We previously discussed the iliacus and psoas major muscles in some detail in the article on Muscles of the Hip and Thigh. That article also discusses that these two muscles join together to form the iliopsoas muscle. The primary function of these muscles is to flex the femur.

The psoas minor muscles originate along the body of the T12 and L1 vertebrae. The left and right muscles then insert into the iliopectineal eminence (the area in which the pubis and ilium join) and the pectineal line of the pubis bone. The two muscles function to flex and laterally bend the lumbar spine.

Originating along the posterior iliac crest and the iliolumbar ligament, the quadratus lumborum muscle rises superiorly and inserts along the inferior surface of the twelfth rib and the transverse processes of the first four lumbar vertebrae.  The muscle functions to elevate the ilium, flex the vertebral column laterally, fix the twelfth rib during exhalation, and extend the lumbar vertebral column.

By OpenStax [CC BY 4.0 (], via Wikimedia Commons

The diaphragm (or thoracic diaphragm) forms the superior boundary of the abdominal cavity and serves to separate the thoracic cavity from the abdominal cavity. When the diaphragm contracts it presses downward into the abdominal cavity, thereby increasing the size of the thoracic cavity and drawing air into the lungs.

The diaphragm is a large, dome-shaped skeletal muscle composed of left and right lobes and a central area supporting attachments to the spinal column. The right dome (or lobe) of the diaphragm usually sits slightly higher than the left lobe. Anatomists think that this occurs due to presence of the liver on the right side.

The diaphragm has attachments at many points in its vicinity.  In the central area of the diaphragm two large tendons insert into (or arise from) the vertebral column. These tendons are the left and right crus. The left crus arises from vertebrae L1-L2, the right crus arises from vertebrae L1-L3. The diaphragm also inserts at the xiphoid process of the sternum and along the costal margin of the rib cage. In addition the muscle inserts into ribs six through twelve. The diaphragm also arises from many other fibrous structures in the thorax, including the inferior portions of the pericardium.

The various fibers of the diaphragm converge along a large lateral central tendon (depicted in white as a large arc in the associated diagram). This represents the point of insertion for the muscle fibers. Breathing may cause the central tendon to pull downward, expanding the volume of the thoracic cavity. The means the central tendon moves inferiorly. Alternately, the central tendon can be held in a relatively fixed position when the diaphragm contracts. This causes the low rib cage to lift upward instead.

During inhalation the diaphragm commonly pushes the abdominal cavity inferiorly (pulling the central tendon in an inferior direction), thereby increasing the size of the thoracic cavity. This decreases the pressure in the thoracic cavity and causes the lungs to fill with air. This method of inhalation is commonly called stomach breathing and this occurs when the ribs are held in a relatively fixed position while the central tendon moves.

Chest breathing occurs when the ribs are not held in a fixed position and are instead allowed to expand through actions of the external intercostal muscles (discussed later) and the diaphragm. During chest breathing the central tendon of the diaphragm is held in a fixed position which helps pull the lower rib cage upward, applying outward pressure on the ribs. This again increases the volume of the thorax and reduces the pressure within the thoracic cavity, again allowing air to enter the lungs.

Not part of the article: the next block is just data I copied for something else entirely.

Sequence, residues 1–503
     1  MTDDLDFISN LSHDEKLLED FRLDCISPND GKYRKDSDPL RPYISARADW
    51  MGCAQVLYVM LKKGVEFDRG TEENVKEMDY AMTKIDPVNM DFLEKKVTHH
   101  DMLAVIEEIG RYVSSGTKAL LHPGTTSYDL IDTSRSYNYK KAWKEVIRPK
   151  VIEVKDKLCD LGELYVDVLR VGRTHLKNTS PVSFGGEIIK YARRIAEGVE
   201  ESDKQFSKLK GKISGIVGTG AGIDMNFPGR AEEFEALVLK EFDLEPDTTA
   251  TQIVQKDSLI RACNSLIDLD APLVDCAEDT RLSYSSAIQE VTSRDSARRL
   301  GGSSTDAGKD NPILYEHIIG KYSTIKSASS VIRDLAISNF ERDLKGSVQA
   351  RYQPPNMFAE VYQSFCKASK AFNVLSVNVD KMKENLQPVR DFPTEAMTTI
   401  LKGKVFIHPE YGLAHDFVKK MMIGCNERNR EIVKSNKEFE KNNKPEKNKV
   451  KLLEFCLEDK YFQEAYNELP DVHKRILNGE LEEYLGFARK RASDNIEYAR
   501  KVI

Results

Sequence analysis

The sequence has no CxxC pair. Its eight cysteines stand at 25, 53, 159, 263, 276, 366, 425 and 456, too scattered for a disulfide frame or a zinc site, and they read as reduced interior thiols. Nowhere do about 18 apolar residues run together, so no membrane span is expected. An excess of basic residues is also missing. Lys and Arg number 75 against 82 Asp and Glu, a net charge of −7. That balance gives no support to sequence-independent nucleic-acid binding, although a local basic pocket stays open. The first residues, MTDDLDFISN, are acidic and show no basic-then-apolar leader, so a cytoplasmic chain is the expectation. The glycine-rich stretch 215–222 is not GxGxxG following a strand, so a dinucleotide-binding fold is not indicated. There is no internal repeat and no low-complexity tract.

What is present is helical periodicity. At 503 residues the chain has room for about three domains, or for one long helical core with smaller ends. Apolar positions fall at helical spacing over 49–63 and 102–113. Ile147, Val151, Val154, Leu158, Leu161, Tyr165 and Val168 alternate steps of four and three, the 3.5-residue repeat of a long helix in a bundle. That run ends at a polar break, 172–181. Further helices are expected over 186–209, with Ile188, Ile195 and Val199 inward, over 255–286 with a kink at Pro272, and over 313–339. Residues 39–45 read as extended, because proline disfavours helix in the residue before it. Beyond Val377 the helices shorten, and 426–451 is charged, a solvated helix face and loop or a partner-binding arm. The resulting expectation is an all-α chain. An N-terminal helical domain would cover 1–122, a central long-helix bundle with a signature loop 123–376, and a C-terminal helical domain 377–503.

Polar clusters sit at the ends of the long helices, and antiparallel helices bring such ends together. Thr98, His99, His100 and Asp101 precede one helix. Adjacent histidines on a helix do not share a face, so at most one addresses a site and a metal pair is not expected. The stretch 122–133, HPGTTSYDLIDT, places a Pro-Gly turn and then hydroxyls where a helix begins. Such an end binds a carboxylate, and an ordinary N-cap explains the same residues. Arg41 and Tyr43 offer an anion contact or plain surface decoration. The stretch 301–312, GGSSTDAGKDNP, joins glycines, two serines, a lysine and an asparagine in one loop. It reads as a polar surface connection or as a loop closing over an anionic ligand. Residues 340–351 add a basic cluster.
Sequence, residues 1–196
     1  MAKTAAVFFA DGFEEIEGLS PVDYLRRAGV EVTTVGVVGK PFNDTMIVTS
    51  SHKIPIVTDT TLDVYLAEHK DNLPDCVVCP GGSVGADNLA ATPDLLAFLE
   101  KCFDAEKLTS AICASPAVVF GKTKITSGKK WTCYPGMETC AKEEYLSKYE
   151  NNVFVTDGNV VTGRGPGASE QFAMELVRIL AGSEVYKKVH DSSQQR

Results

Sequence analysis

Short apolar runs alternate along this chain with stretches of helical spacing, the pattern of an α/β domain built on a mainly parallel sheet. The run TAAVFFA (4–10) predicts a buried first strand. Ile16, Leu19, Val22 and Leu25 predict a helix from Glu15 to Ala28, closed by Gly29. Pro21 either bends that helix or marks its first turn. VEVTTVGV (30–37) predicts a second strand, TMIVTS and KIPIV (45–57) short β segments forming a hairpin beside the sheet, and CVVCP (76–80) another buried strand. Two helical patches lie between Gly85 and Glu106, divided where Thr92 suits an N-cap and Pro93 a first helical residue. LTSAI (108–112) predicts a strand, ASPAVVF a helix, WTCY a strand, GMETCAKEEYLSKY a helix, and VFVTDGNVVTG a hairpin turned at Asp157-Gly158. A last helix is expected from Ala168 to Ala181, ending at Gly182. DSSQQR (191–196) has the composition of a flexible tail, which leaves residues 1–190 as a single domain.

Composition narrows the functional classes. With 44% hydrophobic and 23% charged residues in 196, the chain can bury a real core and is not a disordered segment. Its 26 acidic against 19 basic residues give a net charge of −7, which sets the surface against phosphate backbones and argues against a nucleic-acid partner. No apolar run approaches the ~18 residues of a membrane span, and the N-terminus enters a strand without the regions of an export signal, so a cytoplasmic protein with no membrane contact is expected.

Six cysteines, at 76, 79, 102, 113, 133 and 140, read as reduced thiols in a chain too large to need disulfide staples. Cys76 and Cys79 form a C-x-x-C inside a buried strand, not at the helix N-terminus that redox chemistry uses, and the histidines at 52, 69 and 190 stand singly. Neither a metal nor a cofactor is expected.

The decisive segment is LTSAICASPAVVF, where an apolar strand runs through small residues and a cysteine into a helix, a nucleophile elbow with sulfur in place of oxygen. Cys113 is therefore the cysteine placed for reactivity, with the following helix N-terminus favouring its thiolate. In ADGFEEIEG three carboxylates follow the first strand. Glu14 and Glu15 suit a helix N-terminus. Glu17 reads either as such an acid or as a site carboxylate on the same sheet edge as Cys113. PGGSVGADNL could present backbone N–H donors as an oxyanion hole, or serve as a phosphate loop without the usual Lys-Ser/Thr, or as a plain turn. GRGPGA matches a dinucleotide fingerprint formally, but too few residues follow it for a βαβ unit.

When the diaphragm relaxes the abdominal cavity expands superiorly (when stomach breathing) or the rib cage returns to its relaxed state (when chest breathing) causing a reduction in the size of the thoracic cavity. With the aid of the internal intercostal muscles (when chest breathing) the pressures within the thoracic cavity increase, resulting in exhalation.

In most cases some component of chest and stomach breathing occurs with each breath. In reality we are only speaking of a matter of degree when we say someone is chest or stomach breathing. What we mean is they are primarily utilizing chest or stomach breathing methods. There will almost always be some component of the other breathing method used as well. One other thing to point out. Whether you are using chest breathing or stomach breath, the diaphragm is always involved.

Because the diaphragm can push the abdomen in an inferior direction it can increase pressures within the abdominal cavity. This allows the diaphragm to assist with activities associated with increased abdominal pressures, such as vomiting, bowel elimination, and childbirth.

Organ Muscles

There are also a great many involuntary smooth muscles found in the organs within the abdominal cavity. The stomach, large intestine, and small intestine all have abundant smooth muscles that help churn and produce the wave action that moves chyme through the system. Numerous sphincters are also present that control the flow of chyme, bile salts, and enzymes throughout the digestive system.  We discussed most of these muscles at some length in earlier curriculum material on the digestive system.

Thorax Muscles

We have previously covered many of the muscles found in the chest and back in our article on Muscles Affecting the Upper Arm. We will not cover these muscles in additional detail in this section. We will cover muscles in the thorax that were not previously covered in other curriculum materials.

Intercostal Muscles

By OpenStax [CC BY 4.0 (], via Wikimedia Commons

The intercostal muscles reside in the intercostal space between two adjacent ribs. The muscles are found in three layers, with each layer providing a different function.